Nearly 100 police staff jobs are being axed in a bid to protect Bedfordshire’s thin blue line as the force needs to find £17.5 million in savings over the next four years.
Top brass at Bedfordshire Police are proposing to cut the number of Investigation Officers from 44 to 10, and of community support officers (PCSOs) from 108 to 46.
A formal consultation with staff has begun. They are being asked to consider applying to be regular police officers.
Although the government is reviewing the amount of cash it gives to Bedfordshire, and may give more after its spending review next month, the cuts are proceeding under current budgetary arrangements.
Police and Crime Commissioner Olly Martins said: “I very much hope the loss of these experienced and committed PCSOs and investigating officers can be avoided.”
A new police structure means, as well as being equipped with new technology, there will be 20 more police officers, taking the force establishment to 1,087. “But,” said Mr Martins, “this is still some 300 less than the Chief Constable says we need.”
Having unsuccessfully tried to raise additional funding by holding a referendum to increase council tax in May, Mr Martins now believes the Government is unlikely to give Bedfordshire the amount needed to employ 300 more officers.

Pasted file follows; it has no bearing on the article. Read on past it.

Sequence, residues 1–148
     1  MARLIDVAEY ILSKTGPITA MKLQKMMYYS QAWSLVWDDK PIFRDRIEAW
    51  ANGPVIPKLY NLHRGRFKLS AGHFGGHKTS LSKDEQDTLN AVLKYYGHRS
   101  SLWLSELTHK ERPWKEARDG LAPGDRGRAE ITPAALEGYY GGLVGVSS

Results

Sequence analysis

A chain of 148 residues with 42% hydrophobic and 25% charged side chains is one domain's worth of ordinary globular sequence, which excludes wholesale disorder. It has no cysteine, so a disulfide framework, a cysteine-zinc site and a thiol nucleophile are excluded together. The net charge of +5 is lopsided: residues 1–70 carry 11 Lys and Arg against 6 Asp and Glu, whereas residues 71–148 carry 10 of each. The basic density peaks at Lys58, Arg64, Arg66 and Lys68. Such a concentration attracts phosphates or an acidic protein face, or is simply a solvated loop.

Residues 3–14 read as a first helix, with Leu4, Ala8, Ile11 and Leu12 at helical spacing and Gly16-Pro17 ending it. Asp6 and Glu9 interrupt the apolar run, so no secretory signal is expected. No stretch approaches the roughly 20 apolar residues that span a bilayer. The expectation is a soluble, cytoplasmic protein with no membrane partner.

Assistant Chief Constable Mark Collins said the new model force is showing improvements in responding to more incidents, faster, and is moving closer towards achieving the ambition of being a ‘Top 10’ performing force for victim satisfaction.
The move to cut PCSO numbers and close some stations has been condemned by trade union UNISON.
UNISON branch secretary, Sarah Crowe, said: “UNISON believes reductions in police staff will result in less police officers being available to help the public because they will be carrying out the work of police staff who have been made redundant.”
The move comes after the announcement a consultation has been launced into the closure of the front desks at five stations across the county.